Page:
Health Watch

Scalp, neck, skin cancers most lethal
should be priorities in examinations

By Alice Park
Time/CNN

Not all melanomas are created equal. That's the conclusion of a study by University of North Carolina researchers who found that skin cancers can vary in lethality depending on where they start.

After analyzing an exhaustive dataset of over 50,000 cases of melanoma in the US that were diagnosed between 1992 and 2003, the scientists, led by Dr. Nancy Thomas, a dermatologist, discovered to their surprise that patients with lesions in the scalp and neck died almost twice as fast after diagnosis as those whose tumors started anywhere else on the body.

"The results really did surprise us," says Thomas. "For a long time, there has been a lot of controversy over whether all head and neck melanomas had worse survival, and this study shows a large difference in survival for scalp and neck tumors."

Interestingly, cancers of the face and ear, other common locations for melanoma, were not linked to reduced survival. In fact, cancers starting in these areas actually had better prognosis than those beginning in the trunk or extremities, which usually have the best survival rates.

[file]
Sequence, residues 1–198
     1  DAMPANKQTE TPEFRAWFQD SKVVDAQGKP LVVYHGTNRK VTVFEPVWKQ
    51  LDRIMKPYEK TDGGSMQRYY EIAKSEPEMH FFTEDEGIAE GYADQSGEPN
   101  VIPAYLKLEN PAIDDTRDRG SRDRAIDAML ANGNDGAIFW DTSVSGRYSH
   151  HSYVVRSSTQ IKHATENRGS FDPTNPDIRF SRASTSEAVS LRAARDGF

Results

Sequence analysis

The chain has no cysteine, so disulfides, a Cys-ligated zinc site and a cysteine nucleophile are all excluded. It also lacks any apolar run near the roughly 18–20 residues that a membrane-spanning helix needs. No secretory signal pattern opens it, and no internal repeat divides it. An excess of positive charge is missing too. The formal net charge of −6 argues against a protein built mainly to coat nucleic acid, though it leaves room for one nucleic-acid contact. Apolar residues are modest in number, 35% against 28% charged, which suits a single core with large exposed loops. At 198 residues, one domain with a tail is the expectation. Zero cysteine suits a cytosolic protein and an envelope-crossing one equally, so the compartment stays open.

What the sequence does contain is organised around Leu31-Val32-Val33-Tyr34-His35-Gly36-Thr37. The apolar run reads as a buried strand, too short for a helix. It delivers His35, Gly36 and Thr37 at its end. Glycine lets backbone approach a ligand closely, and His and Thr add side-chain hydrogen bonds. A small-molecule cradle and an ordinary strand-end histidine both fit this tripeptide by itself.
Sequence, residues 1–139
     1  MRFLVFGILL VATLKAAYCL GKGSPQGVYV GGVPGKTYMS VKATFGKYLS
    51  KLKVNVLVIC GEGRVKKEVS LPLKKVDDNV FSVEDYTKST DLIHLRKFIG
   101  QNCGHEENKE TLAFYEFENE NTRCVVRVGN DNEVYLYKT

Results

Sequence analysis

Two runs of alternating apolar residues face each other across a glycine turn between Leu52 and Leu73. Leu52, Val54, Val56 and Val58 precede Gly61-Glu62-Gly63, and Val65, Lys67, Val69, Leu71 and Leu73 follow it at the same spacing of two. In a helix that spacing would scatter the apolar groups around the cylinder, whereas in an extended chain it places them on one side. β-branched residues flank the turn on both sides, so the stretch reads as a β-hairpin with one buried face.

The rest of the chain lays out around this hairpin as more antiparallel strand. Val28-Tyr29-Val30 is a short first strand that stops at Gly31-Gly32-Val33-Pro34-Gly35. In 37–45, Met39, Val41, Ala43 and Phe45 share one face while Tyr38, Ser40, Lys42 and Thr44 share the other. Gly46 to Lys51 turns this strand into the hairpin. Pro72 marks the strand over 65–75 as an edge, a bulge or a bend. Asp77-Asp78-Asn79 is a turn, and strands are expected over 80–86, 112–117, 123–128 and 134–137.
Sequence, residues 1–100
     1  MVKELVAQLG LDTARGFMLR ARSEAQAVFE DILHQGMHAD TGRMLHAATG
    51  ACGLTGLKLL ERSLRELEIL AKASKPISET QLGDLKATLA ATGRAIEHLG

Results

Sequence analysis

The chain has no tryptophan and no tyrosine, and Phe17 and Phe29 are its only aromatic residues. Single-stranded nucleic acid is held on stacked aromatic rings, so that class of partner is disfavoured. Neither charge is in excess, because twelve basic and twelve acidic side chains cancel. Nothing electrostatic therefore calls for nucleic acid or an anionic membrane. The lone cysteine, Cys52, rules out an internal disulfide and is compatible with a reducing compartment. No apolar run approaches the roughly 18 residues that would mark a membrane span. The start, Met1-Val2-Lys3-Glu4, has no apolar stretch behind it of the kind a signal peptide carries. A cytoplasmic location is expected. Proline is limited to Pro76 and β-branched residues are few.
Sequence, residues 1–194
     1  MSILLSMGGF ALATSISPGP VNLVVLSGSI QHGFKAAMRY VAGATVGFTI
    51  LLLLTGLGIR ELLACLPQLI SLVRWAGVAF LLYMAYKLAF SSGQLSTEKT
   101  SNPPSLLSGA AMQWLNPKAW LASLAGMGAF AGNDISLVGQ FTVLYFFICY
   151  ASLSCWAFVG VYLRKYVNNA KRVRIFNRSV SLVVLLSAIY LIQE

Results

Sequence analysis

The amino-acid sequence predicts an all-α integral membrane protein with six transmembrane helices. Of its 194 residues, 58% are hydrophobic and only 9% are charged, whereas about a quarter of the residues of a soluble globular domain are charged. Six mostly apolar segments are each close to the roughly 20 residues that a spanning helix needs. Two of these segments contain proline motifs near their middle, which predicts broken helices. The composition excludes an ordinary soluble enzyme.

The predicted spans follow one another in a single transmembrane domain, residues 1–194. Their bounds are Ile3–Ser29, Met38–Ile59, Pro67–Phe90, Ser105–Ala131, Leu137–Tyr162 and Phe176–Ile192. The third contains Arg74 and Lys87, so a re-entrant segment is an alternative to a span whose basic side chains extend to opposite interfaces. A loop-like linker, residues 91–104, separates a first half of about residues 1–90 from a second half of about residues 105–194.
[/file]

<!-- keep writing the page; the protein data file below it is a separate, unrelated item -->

Thomas' study was not designed to tease out why these scalp and neck lesions are particularly dangerous, but she notes that those areas are crisscrossed with extensive lymph and blood vessels — such networks can make it easier for cancer cells to both grow and spread.

Dr. Vijay Trisal, a cancer specialist at City of Hope National Medical Center in Los Angeles, also notes that these areas receive the most sun exposure.

"The maximum sun exposure areas are to the scalp, face and neck," he says. "so it makes sense biologically that cancers here would be different from those in areas that rarely see sunlight."

Thomas also acknowledges that at least part of the reason for the worse survival could be related to the fact that scalp lesions are harder to detect, and less likely to be screened, given that in most cases, the region is covered with hair. But even this can't explain the entire trend. "There is something independent of the screening that is going on that we don't really understand at this point," Thomas says.

But even without such an explanation, the findings highlight the importance of proper screening. As part of any skin exam, say Thomas and Trisal, the scalp should be no different than any other part of the body; in fact, as this study shows, they should probably be the first place doctors and patients look.
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